‘What am I afraid of? That a million thoughts, feelings, memories, will come rushing back to overwhelm me? I cannot begin to describe to you the terror – there is no other word for it – engendered by the thought of him, even now, and yet he was as kindly a man as you could wish to meet, one who inspired trust and friendship in equal measure, a man who inspired great love in all those who knew him. I used to think it an unmitigated blessing, used to envy him. But now, with the wisdom of my years, I realise that it can be a peculiar curse and a burden, to be a man whom people love.’ 

The Physic Garden is the story of a close friendship and a betrayal so shocking that it pervades the whole novel, like the memory of a nightmare. As a young man, William Lang worked as a gardener at the old college of Glasgow University but he has spent most of his subsequent life as a printer and bookseller in the growing city of Glasgow. When the novel begins, in the mid 1800s, he is in his seventies, widowed and living with his grown-up family. He has just received a parcel containing a book called the Scots Gard’ner, as well as a handwritten journal. With these volumes comes a letter saying that they were left to him by Thomas Brown, a gentleman who has recently died at his country house in Ayrshire. So many years later, the unexpected legacy of the books reminds William of his youth when he and Thomas became unlikely friends. The memories come flooding back. 

Some of this is based on truth. There was a gardener in Glasgow called William Lang. There was a nineteenth century lecturer in botany at the old college of Glasgow University whose name was Thomas Brown. It is clear from surviving correspondence that the two men, who were not very far apart in years, struck up a friendship. It is also clear that Thomas valued the work William did in collecting plant specimens for him. Later, when William found himself struggling to cope with a polluted garden and the necessities of providing for a widowed mother and younger siblings, Thomas Brown helped him as far as he could. The printed books mentioned are real. But the rest is entirely fictional.

Here’s a wee taster of my review:

‘This is not just a good novel. This, I contend, is a great novel. I had such a feeling of emotional engagement and empathy for William Lang that it actually broke my heart a bit when the denouement was revealed. Yes it’s true. I kept telling myself, it’s only a story but WHAT a story. It is a beautiful, elegant, at times elegaic expression and exploration of betrayal. If you ever want an example of how writers can achieve great things without intervention – this is it.’ Cally Phillips, Reading Between The Lines

And for more about it by Catherine, read her blog post on Authors Electric  It’ll give you more insight and whet your appetite. Then just click and download. And READ. It’s that simple.

If spring sun and the chance to get out in the garden and a great new book which you can take out with you on your ereader isn’t enough, then you have no soul.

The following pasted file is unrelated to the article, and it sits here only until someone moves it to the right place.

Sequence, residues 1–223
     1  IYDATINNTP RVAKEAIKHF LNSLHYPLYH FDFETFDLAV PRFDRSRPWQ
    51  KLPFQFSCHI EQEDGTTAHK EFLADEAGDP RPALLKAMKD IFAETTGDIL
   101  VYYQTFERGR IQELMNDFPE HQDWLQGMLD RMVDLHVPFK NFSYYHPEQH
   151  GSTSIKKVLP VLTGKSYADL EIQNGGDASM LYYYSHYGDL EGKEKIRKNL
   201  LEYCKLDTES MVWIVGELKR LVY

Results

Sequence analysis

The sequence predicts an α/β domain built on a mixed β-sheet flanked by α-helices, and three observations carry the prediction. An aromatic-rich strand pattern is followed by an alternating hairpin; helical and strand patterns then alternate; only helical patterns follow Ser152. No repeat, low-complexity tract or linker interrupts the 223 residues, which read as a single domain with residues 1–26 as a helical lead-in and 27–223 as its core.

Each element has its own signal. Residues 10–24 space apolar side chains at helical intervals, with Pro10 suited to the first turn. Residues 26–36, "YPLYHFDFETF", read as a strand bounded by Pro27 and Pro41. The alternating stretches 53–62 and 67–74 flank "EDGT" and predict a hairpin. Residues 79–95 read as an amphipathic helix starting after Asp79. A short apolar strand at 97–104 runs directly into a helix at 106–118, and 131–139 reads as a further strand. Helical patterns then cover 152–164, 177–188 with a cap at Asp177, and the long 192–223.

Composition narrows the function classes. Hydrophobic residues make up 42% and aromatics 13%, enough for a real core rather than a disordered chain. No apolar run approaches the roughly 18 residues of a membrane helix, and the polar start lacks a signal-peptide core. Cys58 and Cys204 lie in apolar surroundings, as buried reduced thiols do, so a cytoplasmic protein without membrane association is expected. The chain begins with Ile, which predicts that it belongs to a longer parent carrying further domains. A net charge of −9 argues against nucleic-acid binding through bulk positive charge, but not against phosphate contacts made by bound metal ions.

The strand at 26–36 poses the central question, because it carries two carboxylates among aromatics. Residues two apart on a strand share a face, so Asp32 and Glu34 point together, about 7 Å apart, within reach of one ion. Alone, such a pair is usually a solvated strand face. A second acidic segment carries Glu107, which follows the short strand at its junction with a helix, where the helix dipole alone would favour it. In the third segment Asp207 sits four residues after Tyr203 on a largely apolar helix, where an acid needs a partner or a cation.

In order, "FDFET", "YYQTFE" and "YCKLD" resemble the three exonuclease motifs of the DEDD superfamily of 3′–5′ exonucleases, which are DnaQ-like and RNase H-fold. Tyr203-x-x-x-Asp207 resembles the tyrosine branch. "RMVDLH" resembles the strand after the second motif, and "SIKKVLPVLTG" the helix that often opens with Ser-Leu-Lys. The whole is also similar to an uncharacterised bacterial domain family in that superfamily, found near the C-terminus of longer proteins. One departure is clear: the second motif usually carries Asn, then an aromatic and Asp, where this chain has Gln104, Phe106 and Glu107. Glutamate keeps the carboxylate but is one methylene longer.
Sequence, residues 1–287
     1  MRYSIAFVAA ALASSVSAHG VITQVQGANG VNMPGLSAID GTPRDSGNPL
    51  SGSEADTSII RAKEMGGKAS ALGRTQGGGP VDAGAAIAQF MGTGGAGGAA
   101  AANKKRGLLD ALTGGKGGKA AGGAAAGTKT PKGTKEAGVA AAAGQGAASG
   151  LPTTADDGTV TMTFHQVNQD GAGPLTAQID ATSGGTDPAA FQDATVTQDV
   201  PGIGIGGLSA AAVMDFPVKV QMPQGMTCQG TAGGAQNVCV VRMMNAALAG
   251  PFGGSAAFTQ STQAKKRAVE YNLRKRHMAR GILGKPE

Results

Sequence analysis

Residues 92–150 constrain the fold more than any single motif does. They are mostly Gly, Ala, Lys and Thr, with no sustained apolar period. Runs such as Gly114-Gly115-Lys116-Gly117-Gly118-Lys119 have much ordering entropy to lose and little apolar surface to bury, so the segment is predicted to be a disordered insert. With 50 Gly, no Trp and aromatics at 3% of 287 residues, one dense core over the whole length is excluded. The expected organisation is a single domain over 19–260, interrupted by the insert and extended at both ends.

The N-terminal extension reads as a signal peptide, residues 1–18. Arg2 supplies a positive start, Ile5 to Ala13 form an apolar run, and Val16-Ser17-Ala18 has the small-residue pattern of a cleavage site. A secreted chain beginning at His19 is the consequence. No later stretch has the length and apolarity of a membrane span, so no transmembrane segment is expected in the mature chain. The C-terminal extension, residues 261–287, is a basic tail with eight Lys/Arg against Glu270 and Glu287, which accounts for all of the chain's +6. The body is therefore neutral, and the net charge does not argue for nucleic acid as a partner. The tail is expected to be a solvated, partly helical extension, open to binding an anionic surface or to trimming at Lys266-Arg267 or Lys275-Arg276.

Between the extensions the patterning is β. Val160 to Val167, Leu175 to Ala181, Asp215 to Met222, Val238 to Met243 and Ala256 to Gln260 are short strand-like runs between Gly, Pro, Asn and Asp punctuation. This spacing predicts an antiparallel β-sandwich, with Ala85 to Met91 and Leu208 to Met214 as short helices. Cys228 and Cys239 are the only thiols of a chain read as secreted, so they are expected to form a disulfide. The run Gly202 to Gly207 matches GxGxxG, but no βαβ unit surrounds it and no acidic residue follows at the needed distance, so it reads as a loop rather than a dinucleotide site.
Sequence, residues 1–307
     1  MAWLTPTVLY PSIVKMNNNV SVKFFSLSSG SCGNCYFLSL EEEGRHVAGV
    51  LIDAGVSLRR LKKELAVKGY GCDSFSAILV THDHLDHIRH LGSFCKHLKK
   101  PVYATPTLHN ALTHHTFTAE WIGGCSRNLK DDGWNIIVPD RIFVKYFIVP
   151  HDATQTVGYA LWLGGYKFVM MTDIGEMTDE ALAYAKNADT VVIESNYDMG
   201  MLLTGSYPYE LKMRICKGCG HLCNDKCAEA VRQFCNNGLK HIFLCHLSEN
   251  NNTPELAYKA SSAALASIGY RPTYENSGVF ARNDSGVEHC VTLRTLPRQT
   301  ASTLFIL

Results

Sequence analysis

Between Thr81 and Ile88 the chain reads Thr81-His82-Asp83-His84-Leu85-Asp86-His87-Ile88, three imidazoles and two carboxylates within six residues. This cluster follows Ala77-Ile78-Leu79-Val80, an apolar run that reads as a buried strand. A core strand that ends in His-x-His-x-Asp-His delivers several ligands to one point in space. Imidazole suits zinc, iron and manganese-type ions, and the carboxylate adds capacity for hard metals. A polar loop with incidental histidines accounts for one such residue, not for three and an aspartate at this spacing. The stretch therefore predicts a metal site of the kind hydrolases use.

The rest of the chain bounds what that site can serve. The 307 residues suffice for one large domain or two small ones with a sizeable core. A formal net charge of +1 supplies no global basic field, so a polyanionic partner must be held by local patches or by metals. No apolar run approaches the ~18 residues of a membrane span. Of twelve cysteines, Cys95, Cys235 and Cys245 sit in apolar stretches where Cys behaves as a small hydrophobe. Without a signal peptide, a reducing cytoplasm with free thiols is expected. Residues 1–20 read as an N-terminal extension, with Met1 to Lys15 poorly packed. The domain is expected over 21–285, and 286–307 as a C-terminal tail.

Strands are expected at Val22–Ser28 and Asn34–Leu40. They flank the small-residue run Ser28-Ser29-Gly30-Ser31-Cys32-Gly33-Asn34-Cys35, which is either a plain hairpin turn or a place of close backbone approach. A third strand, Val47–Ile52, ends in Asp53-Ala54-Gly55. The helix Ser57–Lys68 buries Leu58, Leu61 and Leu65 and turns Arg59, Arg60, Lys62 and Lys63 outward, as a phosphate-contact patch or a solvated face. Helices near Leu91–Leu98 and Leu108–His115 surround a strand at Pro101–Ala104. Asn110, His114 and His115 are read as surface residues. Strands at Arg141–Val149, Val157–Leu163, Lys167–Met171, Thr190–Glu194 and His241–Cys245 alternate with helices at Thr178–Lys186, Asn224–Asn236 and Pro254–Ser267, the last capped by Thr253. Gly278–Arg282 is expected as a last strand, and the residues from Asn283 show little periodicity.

And when you’ve finished reading The Physic Garden you might well give those Dennis Potter films a go. Because your brain will be nicely warmed up for seeing the possibilities of depth of narrative he utilises.  With all of these works my advice is LOOK CLOSELY, LOOK DEEP and be prepared to be shocked and moved in equal measure.  For me the best writers put their heart into their work and none of the stories I’ve mentioned today will disappoint you if that’s what you’re looking for.

I’ll be writing more about both Catherine and Dennis this week and I leave you with something to get you thinking (you have to watch right to the end) about not just broadcasting, but publishing and narrative in general.

* Note, it is now possible to get both of them as DVD and you can also watch online at Channel 40D or even on YouTube.


Now I’m rushing to finish my work so that I can get out in the garden with a good book AND TV series. Sometimes new technology is just WONDERFUL.  And having a dodgy back can be a silver lining as well. Digging. Huh, that’s for another day. Today I’m celebrating depth in narrative. Why not join me?

The Brendan Gisby Effect.


A funny thing happened yesterday.  Apart from turning 50. That’s just old now. And yes, thank you I did have rather too good a time as my head and stomach attest this morning. I’m feeling delicate. But I don’t have to go back to REAL work with the new publishing company till Monday, so I can take a bit of time to recover.
AWIP45coverBut the really funny (and very nice) thing that happened yesterday was that off the back of Brendan Gisby’s review of Another World is Possible, I sold 4 copies of the ebook.  Hurray. That’s (hopefully) four more people who will get to experience this novella in all its strange glory.

Shall I tell you a bit about it – I mean, we’re on a roll here and I’d hate you to miss out.  It was first
written as what one might call a blog novel in 2007.  That was the 40th anniversary of the murder of Che Guevara. I marked the year by blogging daily on world politics – picking different countries that Che had been involved in – Bolivia, China etc – but as well as that I wrote a serial novel online.  I doubt anyone read it then.  I privately printed 20 copies.